PLATTSBURGH — The Burlington Discover Jazz Festival Nonet, featuring Ray Vega, packs away “Birth of the Cool” after SUNY Plattsburgh Music Department’s 37th-annual Jazz Festival.
The nonet — Vega (trumpet), Alex Stewart (baritone saxophone), Tom Cleary (piano), John Rivers (bass), Brian McCarthy (alto saxophone), Yutaka Kono (tuba), Geza Carr (percussion), Joy Worland (French horn) and Rick Davies (trombone) — perform Friday evening in the E. Glenn Giltz Auditorium at Hawkins Hall.
“Birth of the Cool: The Music of Miles Davis, Gil Evans and Gerry Mulligan” was a seminal album for Davies. Comprised of 1949 and 1950 recordings, it was released by Capitol Records in 1957.
Stewart assembled and directed the nonet for the 2012 Burlington Discover Jazz Festival.
“He’s on their board of advisers,” said Davies, a professor of music at the college. “We’ve done a lot of projects, usually with a big band, this time with a nine-piece.”
Stewart and company received rave reviews at the festival, which also featured a quartet led by the alto-saxophone legend Lee Konitz, who is one of the original “Birth of the Cool” soloists.
“He’s kind of in his own thing now,” Davies said. “He’s way beyond that now. He’s more avant garde now. It’s nice he was there to give a historical thing to the whole program. People loved it.”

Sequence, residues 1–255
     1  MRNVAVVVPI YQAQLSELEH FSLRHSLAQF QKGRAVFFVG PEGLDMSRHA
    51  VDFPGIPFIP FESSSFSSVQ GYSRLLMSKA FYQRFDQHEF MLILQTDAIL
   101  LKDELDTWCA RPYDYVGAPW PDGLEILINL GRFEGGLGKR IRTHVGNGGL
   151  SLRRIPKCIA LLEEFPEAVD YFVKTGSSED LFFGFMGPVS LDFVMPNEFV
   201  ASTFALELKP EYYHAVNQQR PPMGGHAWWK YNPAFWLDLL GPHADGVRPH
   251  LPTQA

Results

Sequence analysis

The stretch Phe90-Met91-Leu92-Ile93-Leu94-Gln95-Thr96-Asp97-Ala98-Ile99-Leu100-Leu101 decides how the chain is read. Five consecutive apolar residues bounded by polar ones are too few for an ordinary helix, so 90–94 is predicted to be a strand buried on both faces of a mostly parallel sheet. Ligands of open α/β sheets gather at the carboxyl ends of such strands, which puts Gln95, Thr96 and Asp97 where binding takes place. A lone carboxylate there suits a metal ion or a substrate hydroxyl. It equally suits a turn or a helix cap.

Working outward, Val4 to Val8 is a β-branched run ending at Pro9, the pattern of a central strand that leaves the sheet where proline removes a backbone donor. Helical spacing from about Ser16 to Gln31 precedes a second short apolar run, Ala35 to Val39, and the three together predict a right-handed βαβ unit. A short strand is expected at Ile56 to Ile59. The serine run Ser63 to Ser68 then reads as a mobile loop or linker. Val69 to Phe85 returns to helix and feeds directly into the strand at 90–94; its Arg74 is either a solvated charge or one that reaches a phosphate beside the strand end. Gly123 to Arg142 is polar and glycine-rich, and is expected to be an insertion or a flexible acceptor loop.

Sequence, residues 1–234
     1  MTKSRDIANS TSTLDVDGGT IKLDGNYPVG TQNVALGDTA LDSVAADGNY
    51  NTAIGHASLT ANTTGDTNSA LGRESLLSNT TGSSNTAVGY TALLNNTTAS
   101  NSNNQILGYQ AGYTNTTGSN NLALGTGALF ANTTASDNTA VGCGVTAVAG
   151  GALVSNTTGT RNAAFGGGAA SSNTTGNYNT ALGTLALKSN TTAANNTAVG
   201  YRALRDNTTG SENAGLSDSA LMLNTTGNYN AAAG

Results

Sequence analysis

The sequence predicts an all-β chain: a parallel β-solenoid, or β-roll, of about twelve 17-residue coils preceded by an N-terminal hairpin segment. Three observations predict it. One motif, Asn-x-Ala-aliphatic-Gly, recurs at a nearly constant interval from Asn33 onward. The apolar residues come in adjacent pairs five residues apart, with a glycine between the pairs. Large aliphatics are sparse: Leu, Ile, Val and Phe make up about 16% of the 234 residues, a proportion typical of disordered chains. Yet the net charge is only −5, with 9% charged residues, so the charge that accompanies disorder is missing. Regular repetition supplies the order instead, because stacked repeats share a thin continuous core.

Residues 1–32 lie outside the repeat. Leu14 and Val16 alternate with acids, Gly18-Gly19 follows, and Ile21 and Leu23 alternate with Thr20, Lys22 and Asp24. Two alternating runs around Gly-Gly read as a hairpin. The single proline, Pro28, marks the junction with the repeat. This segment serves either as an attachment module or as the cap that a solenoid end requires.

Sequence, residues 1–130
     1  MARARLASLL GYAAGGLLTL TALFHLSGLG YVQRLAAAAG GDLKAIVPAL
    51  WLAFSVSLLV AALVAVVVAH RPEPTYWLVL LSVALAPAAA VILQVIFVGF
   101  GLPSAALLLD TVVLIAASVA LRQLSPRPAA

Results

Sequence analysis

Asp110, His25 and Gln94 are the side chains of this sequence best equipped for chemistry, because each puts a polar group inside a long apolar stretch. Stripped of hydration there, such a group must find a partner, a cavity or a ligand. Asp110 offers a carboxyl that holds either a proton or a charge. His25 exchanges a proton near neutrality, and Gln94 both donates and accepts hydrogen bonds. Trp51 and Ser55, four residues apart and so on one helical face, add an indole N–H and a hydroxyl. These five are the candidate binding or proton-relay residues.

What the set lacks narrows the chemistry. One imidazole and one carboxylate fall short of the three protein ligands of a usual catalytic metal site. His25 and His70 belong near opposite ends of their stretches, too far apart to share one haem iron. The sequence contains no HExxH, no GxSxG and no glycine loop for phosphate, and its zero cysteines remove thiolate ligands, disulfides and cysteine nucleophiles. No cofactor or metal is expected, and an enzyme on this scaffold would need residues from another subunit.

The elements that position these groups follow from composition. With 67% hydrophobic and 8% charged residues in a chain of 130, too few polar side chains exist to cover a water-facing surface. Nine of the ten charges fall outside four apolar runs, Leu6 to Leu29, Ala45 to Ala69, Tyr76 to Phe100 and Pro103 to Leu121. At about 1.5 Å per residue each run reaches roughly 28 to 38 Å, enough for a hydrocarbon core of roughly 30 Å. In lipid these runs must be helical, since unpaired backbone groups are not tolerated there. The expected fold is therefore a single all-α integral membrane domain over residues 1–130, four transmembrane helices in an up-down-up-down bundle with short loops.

The nonet had an encore performance at the University of Vermont Recital Hall last fall.
“It went over great at UVM,” Davies said. “We said we have to do it one more time before we put it to bed. Plattsburgh is lucky to get to be the host this time.”
Friday’s musical selections include “Venus De Milo,” composed by Mulligan; “Deception,” composed by Davis; and “Boplicity,” arranged by Evans.
After intermission, the Burlington Discover Jazz Festival Nonet joins the student Jazz Ensemble and Mambo Combo, performing pre-cool compositions/arrangements by Evans and Mulligan written for the Claude Thornhill Orchestra in the 1940s. Nonet members will solo during several selections, including “Jambangle” by Evans, “Line for Lyons” and “Walkin’ Shoes” by Mulligan.